John Kessel Guest Blog: Eight Misconceptions about Mary Shelley's Frankenstein - Dread Central
Connect with us

News

John Kessel Guest Blog: Eight Misconceptions about Mary Shelley’s Frankenstein

Published

on

Today’s the release date for John Kessel’s Pride and Prometheus, which fuses Mary Shelley’s Gothic horror with the Regency romance of Jane Austen in an exciting novel that combines two age-old stories in a fresh and startling way. In honor of the occasion, we have a guest blog to share from author Kessel in which he discusses eight popular misconceptions about Shelley’s creation known as Frankenstein.

March 11, 2018, marks the 200th anniversary of the publication of Mary Shelley’s Frankenstein, an origin text for both horror and science fiction. In writing my new novel Pride and Prometheus, a story in which Mary Bennet from Pride and Prejudice encounters Victor Frankenstein and his monster, I had occasion to re-read Frankenstein and think about the ways in which later writers have transformed Shelley’s story for their own purposes.

Soon after the novel’s appearance, a stage play based on it was drawing sellout crowds in London; and since then Shelley’s monstrous creation has given birth to a thousand hideous offspring, from the iconic 1931 James Whale-Boris Karloff movie to The Rocky Horror Picture Show. But from the very beginning, adaptations and retellings have departed so far from the original that the most common reaction of many people who read the novel for the first time is how different it is from their expectations.

Here are eight things that people think they know about Frankenstein that are NOT true.

1) Frankenstein is the name of the Monster.

I suspect that people give the creator’s name to his creation because Boris Karloff gave such a memorable performance that the figure of the Monster far outshadows that of his maker. Everybody remembers Karloff, but who remembers Colin Clive? But Shelley’s creature is the original non-person, recognized and accepted by no one, with no ancestors or connections other than Victor. Thus, he is nameless.

2) The scientist who creates the creature is named Henry Frankenstein.

In Shelley’s novel, Frankenstein’s first name is Victor. His best friend is named Henry Clerval. For some reason, in Universal Pictures’ 1931 Frankenstein, James Whale and his screenwriters switched their first names. Why? Your guess is as good as mine.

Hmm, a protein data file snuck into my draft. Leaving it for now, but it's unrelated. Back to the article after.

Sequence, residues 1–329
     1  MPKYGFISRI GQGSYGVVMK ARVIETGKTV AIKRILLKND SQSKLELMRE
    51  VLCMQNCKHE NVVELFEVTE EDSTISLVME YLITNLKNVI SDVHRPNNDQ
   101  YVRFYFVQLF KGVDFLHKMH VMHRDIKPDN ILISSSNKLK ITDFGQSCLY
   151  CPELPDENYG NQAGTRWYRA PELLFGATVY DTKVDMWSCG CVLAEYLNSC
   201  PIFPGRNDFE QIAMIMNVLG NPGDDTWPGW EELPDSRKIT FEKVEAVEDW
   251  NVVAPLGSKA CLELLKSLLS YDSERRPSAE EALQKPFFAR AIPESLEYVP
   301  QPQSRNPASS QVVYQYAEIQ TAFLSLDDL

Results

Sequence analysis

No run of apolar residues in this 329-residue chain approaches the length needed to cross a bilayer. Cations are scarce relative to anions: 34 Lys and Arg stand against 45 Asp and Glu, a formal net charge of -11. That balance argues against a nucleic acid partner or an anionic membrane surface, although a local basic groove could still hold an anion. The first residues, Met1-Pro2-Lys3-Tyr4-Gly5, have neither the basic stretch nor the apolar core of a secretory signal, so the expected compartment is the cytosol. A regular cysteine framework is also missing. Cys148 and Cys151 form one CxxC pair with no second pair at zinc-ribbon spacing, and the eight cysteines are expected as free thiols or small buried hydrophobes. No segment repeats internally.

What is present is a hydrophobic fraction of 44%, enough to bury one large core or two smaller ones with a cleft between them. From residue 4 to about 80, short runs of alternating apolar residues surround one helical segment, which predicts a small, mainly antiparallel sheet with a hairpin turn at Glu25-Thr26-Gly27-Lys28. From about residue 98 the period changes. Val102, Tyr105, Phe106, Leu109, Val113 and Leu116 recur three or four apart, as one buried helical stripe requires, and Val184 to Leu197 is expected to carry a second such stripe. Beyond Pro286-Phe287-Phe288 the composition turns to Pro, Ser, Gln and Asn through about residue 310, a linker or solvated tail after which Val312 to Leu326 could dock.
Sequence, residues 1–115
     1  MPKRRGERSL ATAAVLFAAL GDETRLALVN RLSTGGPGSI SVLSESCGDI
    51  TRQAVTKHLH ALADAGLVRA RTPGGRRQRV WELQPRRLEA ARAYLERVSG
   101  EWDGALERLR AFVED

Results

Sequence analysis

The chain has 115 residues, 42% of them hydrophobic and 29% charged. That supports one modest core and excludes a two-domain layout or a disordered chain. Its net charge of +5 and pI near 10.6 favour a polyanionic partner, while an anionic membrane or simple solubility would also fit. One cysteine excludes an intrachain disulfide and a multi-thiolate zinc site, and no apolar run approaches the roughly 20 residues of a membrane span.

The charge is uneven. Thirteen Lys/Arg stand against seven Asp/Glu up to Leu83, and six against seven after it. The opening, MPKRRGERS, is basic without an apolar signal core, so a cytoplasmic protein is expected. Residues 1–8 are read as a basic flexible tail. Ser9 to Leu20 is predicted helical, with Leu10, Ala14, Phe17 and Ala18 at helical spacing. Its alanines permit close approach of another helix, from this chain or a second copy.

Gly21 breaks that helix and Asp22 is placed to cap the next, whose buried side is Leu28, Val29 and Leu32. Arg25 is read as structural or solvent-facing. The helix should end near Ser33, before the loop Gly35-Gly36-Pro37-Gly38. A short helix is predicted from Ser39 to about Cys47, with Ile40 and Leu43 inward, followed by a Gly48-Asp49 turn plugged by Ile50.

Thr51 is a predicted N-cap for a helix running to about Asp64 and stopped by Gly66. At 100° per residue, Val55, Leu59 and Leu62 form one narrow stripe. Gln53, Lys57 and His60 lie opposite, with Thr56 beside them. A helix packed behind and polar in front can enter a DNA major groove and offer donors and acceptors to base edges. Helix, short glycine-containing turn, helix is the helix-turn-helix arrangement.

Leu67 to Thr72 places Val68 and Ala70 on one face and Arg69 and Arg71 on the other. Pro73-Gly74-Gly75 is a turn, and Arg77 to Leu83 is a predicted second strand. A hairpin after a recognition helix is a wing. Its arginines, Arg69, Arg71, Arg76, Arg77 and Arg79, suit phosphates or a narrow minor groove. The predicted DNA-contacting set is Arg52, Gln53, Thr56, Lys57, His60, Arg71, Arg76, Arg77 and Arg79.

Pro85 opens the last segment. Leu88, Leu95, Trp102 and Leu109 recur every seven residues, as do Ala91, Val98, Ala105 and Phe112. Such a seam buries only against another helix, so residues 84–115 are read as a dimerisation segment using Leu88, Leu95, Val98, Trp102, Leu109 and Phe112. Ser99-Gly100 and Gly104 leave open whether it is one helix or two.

3) Victor is a baron who lives in a castle in the mountains.

We can blame the Whale/Karloff movie and its successors at Universal for this, too. In the novel Victor is the son of a benevolent Geneva public servant, off at college in the German town of Ingolstadt. He’s not a baron; he’s an undergrad. He has no castle in the mountains. He lives in an apartment with an attic workshop where he attempts to create life from lifeless matter.

4) Victor is crazy.

Victor may be the archetypal “mad scientist,” but he is not crazy. He is motivated by the death of his beloved mother to pursue the secret of life in the hope of preventing others from suffering the loss that he has suffered. True, there’s more than a little self-aggrandizement in his quest. He imagines creating “a new species” of creatures who will owe their lives to him.

Victor is modeled to some degree on Mary’s husband, Percy Shelley, the great Romantic poet, who abandoned his wife to run off with Mary when she was barely seventeen. Like Victor, Percy Shelley was so motivated by his pursuit of the ideal that he neglected those dependent on him. His abandoned wife committed suicide. He was not the most responsible of husbands to Mary: A few years after the publication of Frankenstein, he drowned in a boating accident just shy of his thirtieth birthday, leaving her with no resources other than her writing to support herself and their son.
Percy published his first poetry under the pen-name “Victor.”

5) He has an assistant named Igor.

Sorry, no hunchbacked servant. The source of Igor is likely the earliest stage production based on the novel, the 1823 Gothic melodrama Presumption, or the Fate of Frankenstein by Richard Brinsley Peake. In it Victor Frankenstein has a halfwit bumbling servant Fritz who pines for the cow he left in the country.

6) The Monster is stitched together from body parts stolen from corpses.

Though scientists of the 1800s were known to steal corpses in order to study human anatomy, nowhere in Frankenstein is it said that the body of the creature is made from pieces of corpses. The closest Victor comes to this is when he tells us he studied the decay of human bodies in order to discover the process of transition “from life to death, and death to life” and that he haunted “the dissecting room and the slaughter house” to collect his “materials.”

7) The Monster goes wrong because he was given the brain of a dead criminal

Mary Shelley’s parents were the radical political philosopher William Godwin, a supporter of the French Revolution, and the pioneer feminist Mary Wollstonecraft, who wrote one of the earliest arguments for gender equality, A Vindication of the Rights of Women. Mary grew up in an atmosphere of intellectual radicalism. Like the enlightenment philosopher Jean-Jacques Rousseau, she believed that people are born innocent, blank slates who become evil only when corrupted by society. Her Creature goes bad not because he has a criminal brain, but because he is abandoned by Victor from the moment of his creation, mistreated and rejected by all who encounter him. It’s not nature that fails; it’s nurture.